Review by Nick Bascom
In Rhodes’ newest book, the prolific Pulitzer Prize–winning author (The Making of the Atomic Bomb) once again interweaves moving biographical portraits with dramatic depictions of scientific discovery.
The bulk of Hedy’s Folly centers on an unlikely invention team — Hedy Lamarr, a golden age Hollywood starlet, and George Antheil, a firebrand American composer. As the plot unfolds, the pair invents a frequency-hopping radio device to help American torpedoes evade enemy guidance-jamming systems in World War II.
Rhodes proves adept at elucidating the science behind this invention and the subsequent development of spread-spectrum systems (which today enable the use of cell phones and Wi-Fi), but his particular genius lies in placing the invention within a tumultuous historical moment. Antheil brushes shoulders with artistic luminaries such as Igor Stravinsky and James Joyce, while Hedy and her first husband, an oppressive munitions maker who basically imprisons her in their mansion, entertain Benito Mussolini and German weapons engineers at the dinner table.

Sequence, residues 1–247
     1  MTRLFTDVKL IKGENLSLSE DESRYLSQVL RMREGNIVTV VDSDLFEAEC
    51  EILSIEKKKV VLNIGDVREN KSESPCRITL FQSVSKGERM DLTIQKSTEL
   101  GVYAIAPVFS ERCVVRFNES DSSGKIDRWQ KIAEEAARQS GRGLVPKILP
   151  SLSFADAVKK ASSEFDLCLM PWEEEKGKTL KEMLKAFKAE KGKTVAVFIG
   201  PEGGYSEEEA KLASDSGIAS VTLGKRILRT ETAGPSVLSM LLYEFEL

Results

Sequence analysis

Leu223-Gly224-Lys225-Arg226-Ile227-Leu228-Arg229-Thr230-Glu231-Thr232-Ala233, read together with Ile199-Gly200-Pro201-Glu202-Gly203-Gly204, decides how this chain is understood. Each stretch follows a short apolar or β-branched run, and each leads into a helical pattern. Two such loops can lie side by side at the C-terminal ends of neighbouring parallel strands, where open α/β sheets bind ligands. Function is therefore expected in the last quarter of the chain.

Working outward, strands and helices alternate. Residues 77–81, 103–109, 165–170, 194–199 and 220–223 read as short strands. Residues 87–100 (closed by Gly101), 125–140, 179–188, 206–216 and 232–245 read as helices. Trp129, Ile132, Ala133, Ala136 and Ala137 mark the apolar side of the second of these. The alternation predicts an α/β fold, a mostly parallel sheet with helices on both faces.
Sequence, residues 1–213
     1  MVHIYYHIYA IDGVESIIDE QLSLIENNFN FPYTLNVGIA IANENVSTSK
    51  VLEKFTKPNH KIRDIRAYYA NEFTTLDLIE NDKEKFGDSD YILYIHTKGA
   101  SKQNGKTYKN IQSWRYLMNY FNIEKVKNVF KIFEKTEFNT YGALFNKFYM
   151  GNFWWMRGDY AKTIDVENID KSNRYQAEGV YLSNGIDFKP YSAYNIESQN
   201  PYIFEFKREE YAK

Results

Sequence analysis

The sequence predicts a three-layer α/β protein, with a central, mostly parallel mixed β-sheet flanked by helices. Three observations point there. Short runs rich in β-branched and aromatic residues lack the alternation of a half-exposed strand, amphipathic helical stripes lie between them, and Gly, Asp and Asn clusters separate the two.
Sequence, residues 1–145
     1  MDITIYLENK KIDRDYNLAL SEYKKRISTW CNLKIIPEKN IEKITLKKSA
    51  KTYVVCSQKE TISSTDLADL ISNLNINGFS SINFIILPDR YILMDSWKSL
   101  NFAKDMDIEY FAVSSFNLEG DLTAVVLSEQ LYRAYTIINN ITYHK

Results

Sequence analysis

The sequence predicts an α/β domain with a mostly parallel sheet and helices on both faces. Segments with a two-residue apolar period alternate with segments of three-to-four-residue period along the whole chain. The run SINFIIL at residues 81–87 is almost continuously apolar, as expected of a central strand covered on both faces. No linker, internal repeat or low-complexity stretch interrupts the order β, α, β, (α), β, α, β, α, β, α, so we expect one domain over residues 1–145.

With crisp, unadorned prose and plentiful quotes from primary sources, Rhodes paints a compelling history. Lamarr escapes her husband and flees to Hollywood, where she finds enormous success while inventing in her spare time (a habit she picked up from her father). Antheil’s musical innovations with player pianos, while unconventional, give him the technical skill to implement Lamarr’s plan for wirelessly synchronizing torpedoes with ships.
In the end, Rhodes’ latest book proves a riveting narrative, propelled by the ambition and idiosyncrasies of the inventors at its core.
Doubleday, 2011, 272 p., $26.95